garden spider

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Noun1.Garden spider - a spider common in European gardensgarden spider - a spider common in European gardens
spider - predatory arachnid with eight legs, two poison fangs, two feelers, and usually two silk-spinning organs at the back end of the body; they spin silk to make cocoons for eggs or traps for prey
Aranea, Araneus, genus Aranea, genus Araneus - a genus of orb-weaving spiders including common garden spiders and barn spiders
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References in periodicals archive ?
If you pass through a web in your garden at this time of year it has usually been spun by a garden spider, though this won't last for long because the garden spiders die when the frosts take hold.
Garden spiders build orb webs by putting their abdomen to the night air and emit webbing into the wind until it attaches to some distant thing.
With this in mind, I accept a small amount of insect damage each year in my garden as the price I pay for maintaining my garden spiders, wasps, robber flies, mantids, and other insect predators, as well as keeping my pollinators happy.
Thomas Scheibel, holder of the chair for Biomaterials at the University of Bayreuth, successfully produced a recombinant silk protein from garden spiders in the required larger quantities and of a consistent quality with the help of E.
Produced from the seventeenth to the nineteenth centuries, these prints portrayed the fleeting pleasures of affluent Japanese society--the term ukiyo-e literally means "pictures of the floating world." (1) In Animal 2012, Hughes floats recycled images of two female common garden spiders and a whip spider over a popular quilting pattern.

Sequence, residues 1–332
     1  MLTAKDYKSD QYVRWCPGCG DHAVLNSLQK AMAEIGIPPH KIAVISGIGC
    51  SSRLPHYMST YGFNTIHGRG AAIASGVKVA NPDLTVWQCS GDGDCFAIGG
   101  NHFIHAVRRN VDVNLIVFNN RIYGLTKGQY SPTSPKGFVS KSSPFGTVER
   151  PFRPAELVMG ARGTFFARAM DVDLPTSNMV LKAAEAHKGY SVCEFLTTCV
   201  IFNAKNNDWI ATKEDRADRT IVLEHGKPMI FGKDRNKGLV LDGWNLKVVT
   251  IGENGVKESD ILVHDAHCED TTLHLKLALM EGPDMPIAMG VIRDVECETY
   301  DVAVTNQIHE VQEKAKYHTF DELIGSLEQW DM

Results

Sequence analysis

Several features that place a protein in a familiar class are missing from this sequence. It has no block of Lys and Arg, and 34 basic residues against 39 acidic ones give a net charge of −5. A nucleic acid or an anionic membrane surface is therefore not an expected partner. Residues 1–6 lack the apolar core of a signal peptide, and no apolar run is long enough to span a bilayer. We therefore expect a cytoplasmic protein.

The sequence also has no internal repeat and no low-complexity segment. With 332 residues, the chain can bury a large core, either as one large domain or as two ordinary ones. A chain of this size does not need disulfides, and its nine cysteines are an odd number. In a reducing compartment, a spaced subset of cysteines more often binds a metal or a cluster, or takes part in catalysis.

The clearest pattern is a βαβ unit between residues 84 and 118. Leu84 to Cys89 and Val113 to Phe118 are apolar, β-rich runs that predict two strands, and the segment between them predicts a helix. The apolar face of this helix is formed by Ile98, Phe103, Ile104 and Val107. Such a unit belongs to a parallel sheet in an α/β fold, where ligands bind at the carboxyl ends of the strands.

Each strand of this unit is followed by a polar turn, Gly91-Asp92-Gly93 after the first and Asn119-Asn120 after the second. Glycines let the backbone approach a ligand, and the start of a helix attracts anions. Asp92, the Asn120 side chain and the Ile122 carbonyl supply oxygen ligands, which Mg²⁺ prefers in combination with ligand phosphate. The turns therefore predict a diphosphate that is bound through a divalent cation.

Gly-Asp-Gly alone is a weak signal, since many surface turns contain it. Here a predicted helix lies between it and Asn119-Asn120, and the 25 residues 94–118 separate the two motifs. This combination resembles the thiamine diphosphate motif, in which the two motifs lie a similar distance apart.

garden spiders, as their name suggests, live in the garden.
of California, Riverdale) applies this dictum in her fascinating examination of the reproductive benefits conferred by dimorphism in several species with more extreme physiological and behavioral sex differences than humans (e.g., elephant seals, yellow garden spiders) in the context of the spectrum of such patterns.
WEBS spun by garden spiders are engineering marvels which can teach us how to build strong buildings.
The common spiders represented in the recent study, including orb weavers (Nephila clavipes), garden spiders (Araneus diadematus) and others, craft familiar, spiralling web patterns atop a scaffolding of radiating filaments.
Over the next few weeks our eight-legged friends are becoming more visible, with garden spiders getting fatter for laying eggs and house spiders building webs.
In fact, Curtis & Carrel (2000) believed their paper on excretion behavior by garden spiders Argiope aurantia Lucas 1833 (Araneidae) (referred to as defecation behavior by the authors) to be the first explicit study of its sort on a spider, although Tietjen (1980) reported on the nonrandom distribution of excreta under laboratory conditions in Mallos gregalis (Simon 1909) (Dictynidae).